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Scientists urge Senate action on global warming

In a move to shore up credibility for climate change science, American scientists and economists are asking the Senate to enact immediate legislation to reduce emissions related to global warming.

In this Dec. 3, 2009 file photo, a man walks in the backdrop of Mount Ama Dablam at Syangboche, a town in Nepal. Climate scientists are asking the Senate to require immediate nationwide cuts in greenhouse-gas emissions related to global warming.

Gemunu Amarasinghe/AP/File

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Two thousand US economists and climate scientists, including eight Nobel laureates, are sending a letter Thursday to the Senate urging lawmakers to require immediate nationwide cuts in greenhouse-gas emissions tied to global warming.

Emerging from a wintertime blizzard of bad press, US and international climate scientists are in damage-control mode, holding press conferences, firing off press releases, and affirming that global warming is quite real and that climate change science is up to snuff.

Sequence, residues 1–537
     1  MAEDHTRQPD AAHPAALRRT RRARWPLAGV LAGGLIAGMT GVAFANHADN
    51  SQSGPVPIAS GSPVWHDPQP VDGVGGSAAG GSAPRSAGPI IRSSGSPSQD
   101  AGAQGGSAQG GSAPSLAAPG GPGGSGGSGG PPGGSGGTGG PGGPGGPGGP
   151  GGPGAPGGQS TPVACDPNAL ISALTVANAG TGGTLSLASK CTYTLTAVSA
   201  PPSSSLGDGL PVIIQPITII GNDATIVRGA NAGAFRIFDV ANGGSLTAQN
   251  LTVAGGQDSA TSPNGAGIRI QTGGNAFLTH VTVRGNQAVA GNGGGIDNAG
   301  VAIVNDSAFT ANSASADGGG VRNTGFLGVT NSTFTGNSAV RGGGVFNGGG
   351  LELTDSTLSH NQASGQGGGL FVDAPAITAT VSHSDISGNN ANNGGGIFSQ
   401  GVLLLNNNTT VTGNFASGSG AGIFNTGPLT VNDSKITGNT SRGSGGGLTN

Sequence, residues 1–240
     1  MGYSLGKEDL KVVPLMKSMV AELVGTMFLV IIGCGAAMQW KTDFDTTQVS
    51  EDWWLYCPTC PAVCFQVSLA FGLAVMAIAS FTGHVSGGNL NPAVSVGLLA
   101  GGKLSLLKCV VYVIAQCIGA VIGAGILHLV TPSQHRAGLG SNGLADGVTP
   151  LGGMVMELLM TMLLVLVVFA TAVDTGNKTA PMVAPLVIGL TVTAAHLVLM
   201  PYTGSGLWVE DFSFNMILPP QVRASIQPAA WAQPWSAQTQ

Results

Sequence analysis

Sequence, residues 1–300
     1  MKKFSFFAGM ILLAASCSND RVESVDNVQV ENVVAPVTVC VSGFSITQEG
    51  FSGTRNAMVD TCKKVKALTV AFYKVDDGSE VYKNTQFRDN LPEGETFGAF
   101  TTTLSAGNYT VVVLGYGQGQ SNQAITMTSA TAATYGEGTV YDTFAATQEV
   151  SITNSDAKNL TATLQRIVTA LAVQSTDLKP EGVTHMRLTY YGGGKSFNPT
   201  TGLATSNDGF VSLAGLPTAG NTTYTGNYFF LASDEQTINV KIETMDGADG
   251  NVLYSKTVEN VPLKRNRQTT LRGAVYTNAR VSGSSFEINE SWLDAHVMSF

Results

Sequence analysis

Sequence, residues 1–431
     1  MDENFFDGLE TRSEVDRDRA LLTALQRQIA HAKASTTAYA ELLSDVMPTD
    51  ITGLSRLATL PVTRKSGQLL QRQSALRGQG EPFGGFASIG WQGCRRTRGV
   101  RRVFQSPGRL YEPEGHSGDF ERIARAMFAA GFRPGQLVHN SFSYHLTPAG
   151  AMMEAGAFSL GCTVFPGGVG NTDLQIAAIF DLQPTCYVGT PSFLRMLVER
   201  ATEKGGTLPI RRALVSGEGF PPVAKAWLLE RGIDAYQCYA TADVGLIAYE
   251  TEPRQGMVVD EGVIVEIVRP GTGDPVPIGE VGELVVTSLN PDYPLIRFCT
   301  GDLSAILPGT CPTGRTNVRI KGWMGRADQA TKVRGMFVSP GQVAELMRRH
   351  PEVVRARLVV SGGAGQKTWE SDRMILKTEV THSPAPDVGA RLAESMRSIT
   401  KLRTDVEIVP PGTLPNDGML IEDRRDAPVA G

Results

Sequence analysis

Despite the "climate-gate" hacked e-mail scandal and embarrassing mistakes in previous scientific reports, the bulk of research shows climate change is incontrovertible, they say.

"We call on our nation’s leaders to swiftly establish and implement policies to bring about deep reductions in heat-trapping emissions," the scientists write in the letter. "The strength of the science on climate change compels us to warn the nation about the growing risk of irreversible consequences as global average temperatures continue to increase."

That letter comes on the heels of Wednesday's announcement, by the United Nations secretary general and the chairman of the UN's Intergovernmental Panel on Climate Change (IPCC), that an international independent commission will conduct an independent review of all the IPCC’s "processes and procedures."


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